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Republicans scramble to hold on to seat in ruby-red Kansas

If Republicans have to worry about a special election in Kansas, the party is not where it wants to be.
Friday, April 2, 2010, in Topeka, Kan. (AP Photo/Orlin Wagner)
Friday, April 2, 2010, in Topeka, Kan.
When Donald Trump tapped Mike Pompeo to lead the CIA, the Republican had to give up his seat in Congress, though his party didn't much mind. Pompeo represented a very Republican district in a very Republican state, so keeping his seat "red" wouldn't pose much of a challenge.At least, that was the idea. The reality, as the Wichita Eagle reported the other day, is a very different story.

National Republicans are wading into a Kansas congressional race few analysts thought would be competitive ahead of Tuesday's vote.U.S. Sen. Ted Cruz of Texas will join Republican candidate Ron Estes at an airport rally Monday in Wichita, a day before voters in southern Kansas head to the polls to pick a new congressman. Vice President Mike Pence is also scheduled to record a robocall on Estes' behalf, according to a state party official.Cruz's appearance comes on the heels of last-minute spending on television ads by the National Republican Congressional Committee and a fundraising push by U.S. House Speaker Paul Ryan of Wisconsin on Estes' behalf.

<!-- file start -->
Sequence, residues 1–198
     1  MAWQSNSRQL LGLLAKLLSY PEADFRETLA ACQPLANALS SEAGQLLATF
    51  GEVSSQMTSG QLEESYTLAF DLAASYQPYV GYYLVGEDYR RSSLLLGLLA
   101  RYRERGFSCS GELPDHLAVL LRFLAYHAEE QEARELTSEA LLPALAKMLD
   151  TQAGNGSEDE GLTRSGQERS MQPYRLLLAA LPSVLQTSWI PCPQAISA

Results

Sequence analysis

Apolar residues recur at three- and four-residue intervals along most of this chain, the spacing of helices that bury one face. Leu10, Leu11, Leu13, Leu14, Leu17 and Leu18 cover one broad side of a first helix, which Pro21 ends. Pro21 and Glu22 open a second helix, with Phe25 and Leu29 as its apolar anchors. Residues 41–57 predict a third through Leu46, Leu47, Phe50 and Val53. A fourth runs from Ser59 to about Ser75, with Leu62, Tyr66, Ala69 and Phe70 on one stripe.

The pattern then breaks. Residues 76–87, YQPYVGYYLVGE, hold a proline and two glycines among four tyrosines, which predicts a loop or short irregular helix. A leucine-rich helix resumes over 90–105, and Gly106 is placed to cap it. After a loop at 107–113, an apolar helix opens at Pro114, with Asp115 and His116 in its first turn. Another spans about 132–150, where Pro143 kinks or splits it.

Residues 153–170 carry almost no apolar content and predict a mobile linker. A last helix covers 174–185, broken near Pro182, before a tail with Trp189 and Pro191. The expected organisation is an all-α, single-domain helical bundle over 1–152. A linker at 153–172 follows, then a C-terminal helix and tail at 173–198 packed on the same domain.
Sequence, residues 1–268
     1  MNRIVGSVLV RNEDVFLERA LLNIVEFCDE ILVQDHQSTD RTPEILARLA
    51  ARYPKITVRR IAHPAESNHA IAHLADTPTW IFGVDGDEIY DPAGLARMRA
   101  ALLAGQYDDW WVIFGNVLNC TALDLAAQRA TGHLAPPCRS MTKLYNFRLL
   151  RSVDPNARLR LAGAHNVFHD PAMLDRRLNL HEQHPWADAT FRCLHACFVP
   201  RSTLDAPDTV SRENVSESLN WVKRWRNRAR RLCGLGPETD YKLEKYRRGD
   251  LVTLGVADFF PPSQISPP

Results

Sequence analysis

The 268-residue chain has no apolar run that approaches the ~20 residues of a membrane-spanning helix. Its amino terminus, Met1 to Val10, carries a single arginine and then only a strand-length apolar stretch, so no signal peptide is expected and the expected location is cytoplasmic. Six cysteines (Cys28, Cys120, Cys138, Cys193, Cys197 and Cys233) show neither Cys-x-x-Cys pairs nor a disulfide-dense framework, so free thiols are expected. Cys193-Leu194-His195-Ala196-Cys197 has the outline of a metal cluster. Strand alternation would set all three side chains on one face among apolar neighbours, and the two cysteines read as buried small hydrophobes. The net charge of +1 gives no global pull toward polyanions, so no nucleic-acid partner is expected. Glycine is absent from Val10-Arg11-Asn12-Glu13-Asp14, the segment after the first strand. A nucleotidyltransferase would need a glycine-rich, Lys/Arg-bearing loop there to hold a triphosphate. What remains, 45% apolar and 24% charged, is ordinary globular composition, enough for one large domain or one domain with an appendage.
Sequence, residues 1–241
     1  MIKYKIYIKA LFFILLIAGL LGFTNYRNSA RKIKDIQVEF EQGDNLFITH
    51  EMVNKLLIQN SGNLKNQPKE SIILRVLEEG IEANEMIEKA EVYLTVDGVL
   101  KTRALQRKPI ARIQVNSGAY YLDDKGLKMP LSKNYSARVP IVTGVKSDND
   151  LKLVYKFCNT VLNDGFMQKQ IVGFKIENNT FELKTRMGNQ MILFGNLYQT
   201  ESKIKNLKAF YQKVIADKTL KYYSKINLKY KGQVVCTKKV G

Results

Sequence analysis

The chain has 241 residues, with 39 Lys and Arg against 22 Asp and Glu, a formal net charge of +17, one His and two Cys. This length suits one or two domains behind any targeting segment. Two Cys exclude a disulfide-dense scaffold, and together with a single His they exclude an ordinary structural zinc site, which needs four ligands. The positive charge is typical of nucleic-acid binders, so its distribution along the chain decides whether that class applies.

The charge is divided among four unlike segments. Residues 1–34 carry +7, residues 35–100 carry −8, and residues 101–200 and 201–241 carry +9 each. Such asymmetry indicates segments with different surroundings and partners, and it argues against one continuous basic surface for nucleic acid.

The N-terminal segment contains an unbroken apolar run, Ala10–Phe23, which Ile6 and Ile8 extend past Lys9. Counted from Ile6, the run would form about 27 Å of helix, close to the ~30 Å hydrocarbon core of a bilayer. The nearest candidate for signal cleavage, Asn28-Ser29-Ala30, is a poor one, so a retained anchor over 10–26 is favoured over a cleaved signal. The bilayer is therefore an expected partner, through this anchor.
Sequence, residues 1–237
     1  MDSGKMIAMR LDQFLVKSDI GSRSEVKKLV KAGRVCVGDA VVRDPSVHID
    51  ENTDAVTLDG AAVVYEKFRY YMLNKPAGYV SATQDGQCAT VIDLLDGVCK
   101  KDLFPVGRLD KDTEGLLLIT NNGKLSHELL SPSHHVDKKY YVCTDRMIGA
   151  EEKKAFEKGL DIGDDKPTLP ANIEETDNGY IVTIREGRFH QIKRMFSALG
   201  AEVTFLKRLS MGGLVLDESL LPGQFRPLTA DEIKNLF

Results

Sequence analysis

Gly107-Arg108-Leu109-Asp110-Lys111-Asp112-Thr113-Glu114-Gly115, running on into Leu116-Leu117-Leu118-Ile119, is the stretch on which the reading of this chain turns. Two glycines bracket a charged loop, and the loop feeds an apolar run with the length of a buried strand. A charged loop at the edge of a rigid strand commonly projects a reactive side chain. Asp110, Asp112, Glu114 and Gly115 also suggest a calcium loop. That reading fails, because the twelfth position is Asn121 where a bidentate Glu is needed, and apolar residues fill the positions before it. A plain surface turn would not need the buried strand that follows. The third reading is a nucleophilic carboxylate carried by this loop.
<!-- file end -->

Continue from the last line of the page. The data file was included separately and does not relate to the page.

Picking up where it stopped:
In case this isn't obvious, these are the steps a party takes when it's panicking. Republican officials expected to win Kansas' congressional special election without lifting a finger, and the fact that party leaders are scrambling to this degree suggests GOP officials are genuinely afraid of a Democratic upset.And that would be extraordinary under the circumstances. This is, after all, a district Donald Trump won by 27 points.A local GOP consultant told Politico the other day, "Kansas should not be in play, but Kansas is in play."As regular readers know, to get a sense of a congressional district's political leanings, there's a helpful metric called the Partisan Voter Index, or PVI, which was created 20 years ago by the Cook Political Report. Districts that lean slightly towards Democrats might have a PVI of D+2 or D+3. Districts that are safely in Republican hands might show a PVI of R+10 or greater. In general, competitive districts are seen as having a +5 advantage or less for either party.Kansas' 4th congressional district, home to tomorrow's special election, is R+15. That's the sort of number that ordinarily ends a race before it starts.And yet, here we are. Republicans have nominated State Treasurer Ron Estes, someone who's already won two statewide elections, while Democrats are running James Thompson, a civil rights attorney. (Kansas Democratic leaders originally eyed a center-right Dem for this race, but local party activists rallied behind Thompson.)It's admittedly hard to imagine Thompson prevailing, but the evidence can't be ignored: if Republicans were confident of a successful outcome, we wouldn't see Pence, Ryan, Cruz, and the NRCC rushing to intervene on Estes' behalf.Of course, what should terrify Republicans is the fact that they're having to work in this district at all. A lot can and will happen between now and next year's midterms, but if the GOP has to worry about R+15 districts, 2018 will not be a good year for the Republican Party.